Leahy urges responsible tone
NEAL P. GOSWAMI
BENNINGTON — Vermont Sen. Patrick Leahy called for reasonable political discourse Tuesday during a speech outlining the priorities for the Senate Judiciary Committee he heads.
Speaking at the Newseum in Washington, Leahy said he was planning to simply outline the agenda for the Judiciary Committee in the 112th Congress that was sworn in last week. But “things changed over the weekend” after the shooting of Arizona Rep. Gabrielle Giffords and 19 others at a supermarket in Tucson, Ariz.
Leahy, a Democrat, and the second most senior member of the Senate, began his speech urging Americans to examine their own role in the tone of public debate. “The tragic events of this past weekend call us to pause and reflect on the promise of democracy and our responsibilities as its beneficiaries and stewards,” Leahy said.
A longtime advocate of first amendment rights, Leahy said he does not support infringing on free expression. But people increasingly have more ways to communicate and to both send and receive information. He said people have a responsibility to do so wisely.
“In a free society — the society we always want America to be — government should not and must not restrain free expression. But with freedom come
responsibilities,” Leahy said. “The full flowering of democracy and freedom relies on the self restraint of each citizen, organization and group of citizens. The printed page, the radio microphone, the televised image, the TV ad, the blog posting and the Twitter feed all have the power to inspire, to motivate and to inform. They also have the power to inflame and incite.”
Leahy said “the seething rhetoric has gone too far,” and said public officials, the media and citizens must stop “demonizing” people who disagree with them.
“Our politics have become incendiary and we all share the responsibility for lowering the temperature. That is the responsibility we all have to keep our democracy strong and thriving,” he said.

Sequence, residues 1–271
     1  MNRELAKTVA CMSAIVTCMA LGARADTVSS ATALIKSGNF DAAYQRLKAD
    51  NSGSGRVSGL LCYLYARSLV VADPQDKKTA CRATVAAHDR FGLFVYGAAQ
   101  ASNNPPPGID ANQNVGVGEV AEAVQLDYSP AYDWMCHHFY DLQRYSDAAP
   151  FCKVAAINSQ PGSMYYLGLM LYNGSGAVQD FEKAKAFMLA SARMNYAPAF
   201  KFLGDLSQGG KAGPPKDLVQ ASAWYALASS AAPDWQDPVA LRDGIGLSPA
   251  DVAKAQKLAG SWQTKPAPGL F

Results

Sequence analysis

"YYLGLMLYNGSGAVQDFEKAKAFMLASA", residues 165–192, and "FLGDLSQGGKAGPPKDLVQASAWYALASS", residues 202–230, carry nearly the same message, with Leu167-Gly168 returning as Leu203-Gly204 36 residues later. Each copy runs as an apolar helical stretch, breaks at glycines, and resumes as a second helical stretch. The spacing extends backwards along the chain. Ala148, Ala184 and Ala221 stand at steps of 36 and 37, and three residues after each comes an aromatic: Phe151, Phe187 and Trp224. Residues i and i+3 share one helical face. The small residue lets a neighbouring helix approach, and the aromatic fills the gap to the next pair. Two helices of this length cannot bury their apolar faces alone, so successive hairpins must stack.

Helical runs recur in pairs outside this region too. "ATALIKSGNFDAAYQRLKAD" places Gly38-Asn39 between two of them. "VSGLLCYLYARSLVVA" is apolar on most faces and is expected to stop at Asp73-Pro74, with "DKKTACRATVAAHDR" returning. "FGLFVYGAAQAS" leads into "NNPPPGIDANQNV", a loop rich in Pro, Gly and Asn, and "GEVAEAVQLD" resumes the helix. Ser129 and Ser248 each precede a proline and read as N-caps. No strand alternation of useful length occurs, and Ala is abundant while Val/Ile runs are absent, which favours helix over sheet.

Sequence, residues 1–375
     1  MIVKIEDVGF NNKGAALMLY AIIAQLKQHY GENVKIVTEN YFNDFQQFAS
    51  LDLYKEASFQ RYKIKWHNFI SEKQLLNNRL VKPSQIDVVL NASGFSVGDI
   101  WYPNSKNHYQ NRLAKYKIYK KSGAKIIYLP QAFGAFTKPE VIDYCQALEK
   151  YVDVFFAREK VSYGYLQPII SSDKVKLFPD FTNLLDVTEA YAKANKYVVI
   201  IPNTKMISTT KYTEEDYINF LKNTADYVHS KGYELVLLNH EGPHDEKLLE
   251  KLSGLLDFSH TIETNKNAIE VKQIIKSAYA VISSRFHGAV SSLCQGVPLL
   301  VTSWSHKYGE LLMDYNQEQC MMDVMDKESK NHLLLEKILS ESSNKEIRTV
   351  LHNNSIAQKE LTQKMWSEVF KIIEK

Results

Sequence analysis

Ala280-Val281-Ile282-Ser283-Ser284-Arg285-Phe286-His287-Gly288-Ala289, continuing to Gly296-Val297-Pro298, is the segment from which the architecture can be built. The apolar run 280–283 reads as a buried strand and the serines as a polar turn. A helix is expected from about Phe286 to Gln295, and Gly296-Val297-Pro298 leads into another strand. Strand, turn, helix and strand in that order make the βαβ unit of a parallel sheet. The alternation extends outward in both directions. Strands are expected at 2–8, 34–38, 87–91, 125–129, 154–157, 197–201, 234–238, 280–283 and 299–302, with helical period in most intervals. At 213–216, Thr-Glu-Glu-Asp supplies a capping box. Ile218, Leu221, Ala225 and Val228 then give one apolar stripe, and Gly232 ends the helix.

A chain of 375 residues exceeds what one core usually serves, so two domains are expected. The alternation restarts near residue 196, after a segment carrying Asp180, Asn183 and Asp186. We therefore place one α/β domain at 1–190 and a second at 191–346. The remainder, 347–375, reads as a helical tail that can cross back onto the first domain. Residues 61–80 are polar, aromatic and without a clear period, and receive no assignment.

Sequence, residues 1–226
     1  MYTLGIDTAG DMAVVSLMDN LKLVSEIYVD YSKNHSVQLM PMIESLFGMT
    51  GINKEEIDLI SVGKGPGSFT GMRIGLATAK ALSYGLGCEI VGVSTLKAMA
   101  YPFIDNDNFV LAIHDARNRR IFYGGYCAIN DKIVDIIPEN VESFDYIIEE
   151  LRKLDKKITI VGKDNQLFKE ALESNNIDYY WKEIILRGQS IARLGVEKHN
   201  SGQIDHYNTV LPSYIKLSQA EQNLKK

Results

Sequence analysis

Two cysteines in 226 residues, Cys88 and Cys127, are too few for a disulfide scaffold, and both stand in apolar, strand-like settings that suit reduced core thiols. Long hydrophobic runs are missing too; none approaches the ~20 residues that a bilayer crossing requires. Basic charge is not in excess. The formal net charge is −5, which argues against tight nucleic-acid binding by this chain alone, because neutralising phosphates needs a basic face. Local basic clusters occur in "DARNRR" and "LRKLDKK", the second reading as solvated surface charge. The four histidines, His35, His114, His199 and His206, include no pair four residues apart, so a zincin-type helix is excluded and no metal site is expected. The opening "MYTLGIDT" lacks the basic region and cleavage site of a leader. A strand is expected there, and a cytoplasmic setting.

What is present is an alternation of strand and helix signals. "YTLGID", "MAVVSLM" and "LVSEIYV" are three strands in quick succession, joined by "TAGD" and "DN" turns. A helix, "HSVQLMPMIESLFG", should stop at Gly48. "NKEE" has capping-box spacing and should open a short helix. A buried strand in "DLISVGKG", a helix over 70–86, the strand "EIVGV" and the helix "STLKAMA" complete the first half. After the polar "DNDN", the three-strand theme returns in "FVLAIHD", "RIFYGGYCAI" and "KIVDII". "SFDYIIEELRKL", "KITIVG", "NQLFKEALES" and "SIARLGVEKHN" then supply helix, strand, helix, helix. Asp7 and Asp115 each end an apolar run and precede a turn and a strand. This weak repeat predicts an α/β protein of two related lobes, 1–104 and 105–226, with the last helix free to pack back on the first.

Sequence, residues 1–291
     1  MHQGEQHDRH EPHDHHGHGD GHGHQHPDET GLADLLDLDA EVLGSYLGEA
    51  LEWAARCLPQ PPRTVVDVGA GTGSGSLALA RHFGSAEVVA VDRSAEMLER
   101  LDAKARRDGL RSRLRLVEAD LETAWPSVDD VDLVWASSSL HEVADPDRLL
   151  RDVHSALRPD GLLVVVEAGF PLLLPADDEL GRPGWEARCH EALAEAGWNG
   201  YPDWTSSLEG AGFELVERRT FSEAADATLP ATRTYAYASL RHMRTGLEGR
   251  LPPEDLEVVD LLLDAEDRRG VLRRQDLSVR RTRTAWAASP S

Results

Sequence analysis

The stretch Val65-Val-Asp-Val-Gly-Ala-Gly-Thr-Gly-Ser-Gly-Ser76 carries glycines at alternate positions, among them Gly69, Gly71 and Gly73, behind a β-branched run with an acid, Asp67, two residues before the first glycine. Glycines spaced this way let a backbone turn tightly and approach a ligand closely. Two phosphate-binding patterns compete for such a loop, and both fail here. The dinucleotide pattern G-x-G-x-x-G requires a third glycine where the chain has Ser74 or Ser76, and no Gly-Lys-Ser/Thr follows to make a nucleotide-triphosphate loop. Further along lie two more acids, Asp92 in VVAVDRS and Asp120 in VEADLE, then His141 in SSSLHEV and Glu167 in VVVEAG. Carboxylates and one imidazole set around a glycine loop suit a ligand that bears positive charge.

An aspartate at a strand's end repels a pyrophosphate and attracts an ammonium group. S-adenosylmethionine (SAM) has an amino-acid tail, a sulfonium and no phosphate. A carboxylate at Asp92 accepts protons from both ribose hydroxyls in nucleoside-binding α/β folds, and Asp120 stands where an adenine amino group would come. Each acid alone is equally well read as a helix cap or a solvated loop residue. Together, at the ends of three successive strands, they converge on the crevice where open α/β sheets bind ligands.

He laid out several issues he wants the committee to address, including:
• Fighting fraud
• Protecting American jobs
• Protecting national security and Constitutional rights in a digital age
• Enhancing oversight and government transparency
The committee’s first hearing on Jan. 26 will examine “the recovery of more than $3 billion of taxpayers’ dollars in fraud actions by the Department of Justice,” Leahy said.
Leahy was asked by a reporter after the speech if gun laws would be examined following the assassination attempt on Giffords. He said calls to strengthen gun laws are likely.
He also noted that Vermont has one of the lowest crime rates in the country, and fairly relaxed gun laws. But Vermont’s laws would not be effective everywhere, he said.
“I would not want Vermont laws in an urban area,” Leahy said.
A one-time target for attack, Leahy, who received an anthrax-filled envelope in 2001 following the Sept. 11 terror attack, said lawmakers must not retreat behind walls of protection.
“I think it isolates you from the people you represent. It’s not the kind of country we are,” he said. “I think it would be a mistake if we put up any more barriers.”
Contact Neal P. Goswami at email@example.com